X

Thank you for sharing!

Your article was successfully shared with the contacts you provided.
Plaintiffs lawyers last week reaped millions of dollars in Georgia’s Coweta County State Court from what turned out to be a very generous jury pool. Over three days, in two successive suits before Judge John H. Cranford, Coweta jurors awarded a total of $5.75 million to plaintiffs in driving-related cases. In the first, jurors awarded $3 million to a woman punched in the face by a truck driver during a road-rage incident. In the second, jurors awarded $2.75 million to the family of a 19-year-old man who was killed after he drove into the path of a truck. Kam, Ebersbach & Lewis’ Randy J. Ebersbach, who represented plaintiff Sandra D. England of Coweta in the road-rage case, said he’s never seen such a run of big plaintiffs’ verdicts in his decades of practice in Coweta. “$5.75 million in two days isn’t bad, is it?” he said. “Not in any county.” Ebersbach tried the case with Wayne D. “Dan” McGrew III of Atlanta-based Carlock, Copeland, Semler & Stair. According to the plaintiffs, on Aug. 30, 1999, England and her husband were trying to get off Interstate 85 and turn onto Bullsboro Road in Newnan, Ga., when Rickey Barron began to pull his semi into the lane she was occupying. She honked, according to the plaintiffs, and Barron ignored her. So she sped up, zipped around Barron’s truck and pulled into a gas station to fill up her car. Barron followed the Englands to the gas station, left his truck and exchanged words with Sandra England. Then Barron “punched Plaintiff Sandra Dianne England in the face and then in cowardly fashion ran back to his truck,” Ebersbach wrote in the complaint. Barron fled. The Englands sued him, Keystone Freight Corp. and Aldworth Company Inc., which provides drivers and performs truck maintenance for Keystone. Keystone is based in North Bergen, N.J. Aldworth is based in Lynnfield, Mass. Barron and Aldworth failed to respond to the complaint, and the case went to trial solely on damages. Nobody has been able to locate Barron, who was served by publication. Keystone was represented by E. Harold Stone of Duluth, who argued that his client had nothing to do with Barron’s behavior and that Barron was a contract worker. EYE SURGERY NEEDED AFTER PUNCH According to the plaintiffs, England suffered neck pain and “extreme trauma” to the left side of her face. She had medical bills of approximately $3,233 and requires surgery to repair damage to her eye and orbital bone — surgery that will cost $16,000, she estimated. She also claimed lost wages of $2,465. The jury came back with a verdict of $750,000 in compensatory damages against all three defendants, $250,000 in punitives against the driver and $1 million each against Keystone Freight and Aldworth. The verdict may be one of the largest ever in a Georgia road-rage case, but Ebersbach said he knows he’s unlikely to collect all of it. England v. Barron, No. 015V541 (Coweta St. April 21, 2004). “I don’t expect we’re going to collect all that award,” he said. Ebersbach said he had no idea the jury would find so favorably for his client. “It actually looked like a very conservative group to me,” he said, noting that the jury included a Delta Air Lines executive and a Kilpatrick Stockton paralegal. “These were highly educated people; they just got [annoyed],” he said. “As they should have — the facts in our case were outrageous.” VERDICT SURPRISES BOTH SIDES The next day, Eric J. Hertz of Hertz, Link & Smith, co-counsel Mark D. Link and Michael L. Werner began their case with a jury selected from the same pool that was so generous to England. Hertz said he didn’t have especially high hopes for the case. He had offered to accept $125,000 in settlement. The defendants had countered with an offer of $100,000, and they couldn’t reconcile. “We were prepared to accept that $125,000, right up to the openings,” he said. “We went to trial over $25,000.” According to the pretrial order, on Dec. 20, 2001, 19-year-old Justin Brooks, a pet store employee, ran a traffic light to make a left turn off Highway 124 in Gwinnett County, Ga., onto Web Gin House Road. He pulled in front of the 1984 Chevrolet pickup that Ognio Grading Inc. employee Daniel Hancock was driving on his way to a work site. Ognio Grading Inc. has offices in Coweta. Hancock’s truck hit Brooks’ car, and Brooks died. According to both sides, Brooks had marijuana metabolites in his system, and the defense claimed in the pretrial order that Brooks had run the red light. At trial, a police officer testified that Hancock had the right of way. “Mr. Hancock was not able to avoid the collision,” wrote William D. Harrison, of Atlanta’s Mozley, Finlayson & Loggins. Harrison represented defendants Hancock and Ognio Grading Inc., which owned the truck. “When the jury went out, we were sweating it because we thought they had us beat,” Hertz said. Harrison agreed with Hertz’s assessment. “I think that was the general consensus at the end of the trial,” said Harrison, who added that he thought everything went his way in the trial, from openings and closings to evidence. “I don’t have any regrets,” Harrison said. “You just never know.” But the jury came back with a $2.75 million verdict — all compensatory damages on the loss of life claim. Brooks v. Hancock, No. 02SV351 (Coweta St. April 23, 2004). Hertz said he was completely surprised. “Smaller counties usually return smaller verdicts,” he said. “We were shocked.” Harrison said he was also surprised at the size of the verdict. “I don’t expect a seven-figure verdict no matter where I am,” he said. Harrison said there was a high-low agreement in place, so his clients will not have to pay the amount of the verdict the jury returned. Although he would not disclose the range, Harrison said the amount was “well less than the amount of the verdict.”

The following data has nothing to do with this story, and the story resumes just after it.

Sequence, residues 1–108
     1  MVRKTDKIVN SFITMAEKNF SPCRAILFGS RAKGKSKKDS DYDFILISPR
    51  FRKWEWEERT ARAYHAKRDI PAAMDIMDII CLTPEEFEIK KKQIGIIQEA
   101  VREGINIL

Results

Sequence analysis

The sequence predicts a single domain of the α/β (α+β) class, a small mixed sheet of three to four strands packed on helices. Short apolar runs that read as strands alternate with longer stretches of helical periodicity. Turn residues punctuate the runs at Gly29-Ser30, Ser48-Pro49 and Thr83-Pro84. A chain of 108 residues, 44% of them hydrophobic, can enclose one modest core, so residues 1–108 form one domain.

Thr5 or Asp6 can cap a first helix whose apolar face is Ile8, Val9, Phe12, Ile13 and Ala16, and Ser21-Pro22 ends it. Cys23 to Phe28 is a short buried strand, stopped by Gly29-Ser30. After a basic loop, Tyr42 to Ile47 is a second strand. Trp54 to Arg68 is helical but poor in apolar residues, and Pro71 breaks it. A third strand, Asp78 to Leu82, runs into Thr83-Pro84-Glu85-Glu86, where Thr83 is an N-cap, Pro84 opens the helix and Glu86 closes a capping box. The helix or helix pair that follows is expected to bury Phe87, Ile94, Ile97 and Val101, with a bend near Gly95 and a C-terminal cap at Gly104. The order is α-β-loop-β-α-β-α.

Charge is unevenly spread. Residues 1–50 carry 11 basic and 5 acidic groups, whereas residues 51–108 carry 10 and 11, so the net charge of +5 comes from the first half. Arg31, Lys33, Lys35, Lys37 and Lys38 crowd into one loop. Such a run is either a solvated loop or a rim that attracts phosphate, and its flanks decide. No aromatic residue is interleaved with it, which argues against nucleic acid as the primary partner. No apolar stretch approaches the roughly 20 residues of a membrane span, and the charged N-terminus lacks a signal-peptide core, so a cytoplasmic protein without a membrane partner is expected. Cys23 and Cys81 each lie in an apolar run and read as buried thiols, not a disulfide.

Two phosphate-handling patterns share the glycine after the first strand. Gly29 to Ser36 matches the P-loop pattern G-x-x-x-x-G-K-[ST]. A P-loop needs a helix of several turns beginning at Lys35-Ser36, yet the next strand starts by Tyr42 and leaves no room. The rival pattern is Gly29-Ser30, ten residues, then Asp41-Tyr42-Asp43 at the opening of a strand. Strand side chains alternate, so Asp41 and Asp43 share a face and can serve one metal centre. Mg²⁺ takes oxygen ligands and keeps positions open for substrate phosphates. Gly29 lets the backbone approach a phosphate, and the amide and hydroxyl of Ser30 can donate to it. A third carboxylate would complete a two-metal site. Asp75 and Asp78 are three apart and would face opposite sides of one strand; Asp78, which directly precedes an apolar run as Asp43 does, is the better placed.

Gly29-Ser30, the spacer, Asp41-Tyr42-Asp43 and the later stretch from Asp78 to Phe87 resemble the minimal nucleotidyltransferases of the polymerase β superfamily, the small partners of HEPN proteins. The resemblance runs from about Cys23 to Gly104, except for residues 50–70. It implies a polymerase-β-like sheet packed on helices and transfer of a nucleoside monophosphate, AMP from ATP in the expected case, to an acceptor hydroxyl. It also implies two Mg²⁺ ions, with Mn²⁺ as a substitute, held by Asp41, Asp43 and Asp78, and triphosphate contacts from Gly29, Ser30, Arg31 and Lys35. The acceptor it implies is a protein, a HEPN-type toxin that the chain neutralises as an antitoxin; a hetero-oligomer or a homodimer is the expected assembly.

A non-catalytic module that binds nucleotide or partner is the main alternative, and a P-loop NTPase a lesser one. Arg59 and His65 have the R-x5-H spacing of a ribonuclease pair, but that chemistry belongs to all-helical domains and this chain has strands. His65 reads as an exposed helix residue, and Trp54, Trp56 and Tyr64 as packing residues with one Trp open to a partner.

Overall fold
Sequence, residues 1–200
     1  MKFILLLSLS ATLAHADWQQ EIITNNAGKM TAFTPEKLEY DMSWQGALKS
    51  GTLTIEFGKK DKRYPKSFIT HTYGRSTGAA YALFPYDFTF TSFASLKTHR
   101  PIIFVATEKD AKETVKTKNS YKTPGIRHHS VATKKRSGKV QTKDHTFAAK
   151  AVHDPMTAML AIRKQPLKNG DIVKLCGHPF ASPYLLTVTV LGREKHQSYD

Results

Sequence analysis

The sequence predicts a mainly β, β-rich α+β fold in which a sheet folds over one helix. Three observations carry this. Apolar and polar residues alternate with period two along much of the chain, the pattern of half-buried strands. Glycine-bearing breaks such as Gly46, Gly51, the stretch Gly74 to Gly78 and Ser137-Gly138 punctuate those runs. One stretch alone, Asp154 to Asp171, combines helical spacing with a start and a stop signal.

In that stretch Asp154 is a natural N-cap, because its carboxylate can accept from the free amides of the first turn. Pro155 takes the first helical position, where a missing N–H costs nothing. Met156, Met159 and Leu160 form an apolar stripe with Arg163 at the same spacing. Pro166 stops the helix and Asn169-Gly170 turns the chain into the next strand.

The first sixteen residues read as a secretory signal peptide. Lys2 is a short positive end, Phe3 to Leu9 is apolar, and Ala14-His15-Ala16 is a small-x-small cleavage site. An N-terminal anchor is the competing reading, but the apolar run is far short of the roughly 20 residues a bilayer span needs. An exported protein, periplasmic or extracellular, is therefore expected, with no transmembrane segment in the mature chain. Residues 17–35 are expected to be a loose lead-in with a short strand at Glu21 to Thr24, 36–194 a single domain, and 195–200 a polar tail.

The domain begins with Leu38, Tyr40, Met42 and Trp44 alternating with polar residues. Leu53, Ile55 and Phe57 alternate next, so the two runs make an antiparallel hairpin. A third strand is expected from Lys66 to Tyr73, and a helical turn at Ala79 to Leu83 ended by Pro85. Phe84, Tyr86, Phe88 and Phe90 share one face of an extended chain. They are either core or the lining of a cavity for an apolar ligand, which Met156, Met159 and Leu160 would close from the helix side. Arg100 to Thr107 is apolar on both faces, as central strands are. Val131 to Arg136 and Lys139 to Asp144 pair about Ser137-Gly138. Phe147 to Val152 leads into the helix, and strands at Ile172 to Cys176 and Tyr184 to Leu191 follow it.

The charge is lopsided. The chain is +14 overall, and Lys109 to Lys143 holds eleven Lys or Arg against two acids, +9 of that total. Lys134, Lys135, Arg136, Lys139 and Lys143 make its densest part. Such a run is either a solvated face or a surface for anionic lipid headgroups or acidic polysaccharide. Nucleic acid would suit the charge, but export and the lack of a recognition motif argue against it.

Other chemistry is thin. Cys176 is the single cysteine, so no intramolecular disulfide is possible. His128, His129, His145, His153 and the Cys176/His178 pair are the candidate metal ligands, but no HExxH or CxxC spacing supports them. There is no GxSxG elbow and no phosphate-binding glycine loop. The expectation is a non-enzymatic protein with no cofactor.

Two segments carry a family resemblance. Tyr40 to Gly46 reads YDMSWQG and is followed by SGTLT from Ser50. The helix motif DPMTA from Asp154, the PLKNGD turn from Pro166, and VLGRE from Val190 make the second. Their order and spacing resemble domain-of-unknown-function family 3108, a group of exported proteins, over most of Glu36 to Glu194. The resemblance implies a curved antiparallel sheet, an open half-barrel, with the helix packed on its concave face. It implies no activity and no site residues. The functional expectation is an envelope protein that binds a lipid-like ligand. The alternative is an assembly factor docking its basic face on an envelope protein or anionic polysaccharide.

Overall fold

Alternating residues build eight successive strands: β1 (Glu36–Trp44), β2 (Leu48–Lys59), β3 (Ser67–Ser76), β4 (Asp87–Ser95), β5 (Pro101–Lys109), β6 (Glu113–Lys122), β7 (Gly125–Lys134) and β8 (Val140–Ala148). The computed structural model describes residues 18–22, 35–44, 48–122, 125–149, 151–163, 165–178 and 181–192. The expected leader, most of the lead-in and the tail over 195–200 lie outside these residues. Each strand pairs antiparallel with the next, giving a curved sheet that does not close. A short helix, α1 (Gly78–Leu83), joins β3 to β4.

This content has been archived. It is available exclusively through our partner LexisNexis®.

To view this content, please continue to Lexis Advance®.

Not a Lexis Advance® Subscriber? Subscribe Now

Why am I seeing this?

LexisNexis® is now the exclusive third party online distributor of the broad collection of current and archived versions of ALM's legal news publications. LexisNexis® customers will be able to access and use ALM's content by subscribing to the LexisNexis® services via Lexis Advance®. This includes content from the National Law Journal®, The American Lawyer®, Law Technology News®, The New York Law Journal® and Corporate Counsel®, as well as ALM's other newspapers, directories, legal treatises, published and unpublished court opinions, and other sources of legal information.

ALM's content plays a significant role in your work and research, and now through this alliance LexisNexis® will bring you access to an even more comprehensive collection of legal content.

For questions call 1-877-256-2472 or contact us at [email protected]

 
 

ALM Legal Publication Newsletters

Sign Up Today and Never Miss Another Story.

As part of your digital membership, you can sign up for an unlimited number of a wide range of complimentary newsletters. Visit your My Account page to make your selections. Get the timely legal news and critical analysis you cannot afford to miss. Tailored just for you. In your inbox. Every day.

Copyright © 2020 ALM Media Properties, LLC. All Rights Reserved.